I am currently a PhD student in Computational Linguistics with the University of Washington Department of Linguistics, under the advisement of Dr. Fei Xia. My research focuses on NLP at roughly the Morphosyntactic level: including unsupervised morpheme segmentation, syntactic parsing, and POS tagging. I am also very interested in applying NLP to low-resource and endangered languages, and generally to the task of language preservation and revitalization.
My languages of research are most often North American Indigenous varieties, including Lakota (Lakȟótiyapi) and Inuktitut. In my typological studies, I also often work with highly inflecting Slavic and Uralic languages such as Russian, Hungarian, and Saami.
For the duration of the 2019-2020 academic year, my research will be funded by the FLAS fellowship from the Henry M Jackson School of International Studies, for research and coursework involving Inuktitut.
My research focuses on Natural Language Processing methods for low-resource languages, and specifically, how these methods can be applied to the task of Language Revitalization for Indigenous languages. My training before my PhD program consisted of a B.S. in Linguistics, as well as extensive coursework in Computer Science, including algorithmic analysis, Machine Learning, and Computational Linguistics.
I am interested in such topics as unsupervised segmentation of units smaller than word-level, due to the fact that many Indigenous and otherwise understudied languages have a complex structure within a single “word” as delineated by spaces that appear to each side. This requires NLP that diverges significantly from models constructed for English and other European languages, in which single “words” tend to have much less internal structure.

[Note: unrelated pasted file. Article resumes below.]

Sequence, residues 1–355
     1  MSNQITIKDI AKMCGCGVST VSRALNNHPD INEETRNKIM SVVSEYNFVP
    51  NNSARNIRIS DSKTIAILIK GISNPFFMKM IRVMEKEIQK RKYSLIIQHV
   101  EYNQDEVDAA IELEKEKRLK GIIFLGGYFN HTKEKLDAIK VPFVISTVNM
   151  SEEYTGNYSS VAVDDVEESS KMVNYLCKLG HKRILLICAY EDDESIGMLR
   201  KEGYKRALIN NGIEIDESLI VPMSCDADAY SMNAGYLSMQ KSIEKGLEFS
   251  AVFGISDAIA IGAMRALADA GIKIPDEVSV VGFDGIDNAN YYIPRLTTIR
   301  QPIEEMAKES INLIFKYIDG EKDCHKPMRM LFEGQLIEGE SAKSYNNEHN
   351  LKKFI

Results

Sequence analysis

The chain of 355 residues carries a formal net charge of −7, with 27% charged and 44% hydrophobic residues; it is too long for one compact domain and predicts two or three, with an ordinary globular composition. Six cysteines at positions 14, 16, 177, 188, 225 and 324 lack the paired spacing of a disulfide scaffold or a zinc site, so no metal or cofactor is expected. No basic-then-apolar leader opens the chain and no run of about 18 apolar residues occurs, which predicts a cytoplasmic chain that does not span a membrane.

The task of Indigenous NLP also requires leverage around the problem of scarcity of data. Most state-of-the-art models for NLP today assume very large bodies of text, with a corpus of 1 million words being considered “small”. Most Indigenous and endangered languages have bodies of text only a small fraction of the size of English NLP datasets, and so my research also aims to discover methods of leveraging statistics, manipulating data, and incorporating information or data from related languages to work around this problem.
Finally, it is my aim to channel my research not just towards the acquisition of linguistic knowledge, but towards the more concrete task of Language Revitalization among groups who have experienced serious attrition of their native language due to colonialism and other global influences. Many of these communities have experienced outside pressure to give up their traditional language, and many of these languages now exist only in archives by-and-large inaccessible to Indigenous groups. It is my hope that NLP can be a tool to restore such languages to some level of vibrancy within Indigenous communities by making technology-based language-learning easy and accessible for both students and teachers in Indigenous groups, even if the language in question has been dormant for generations.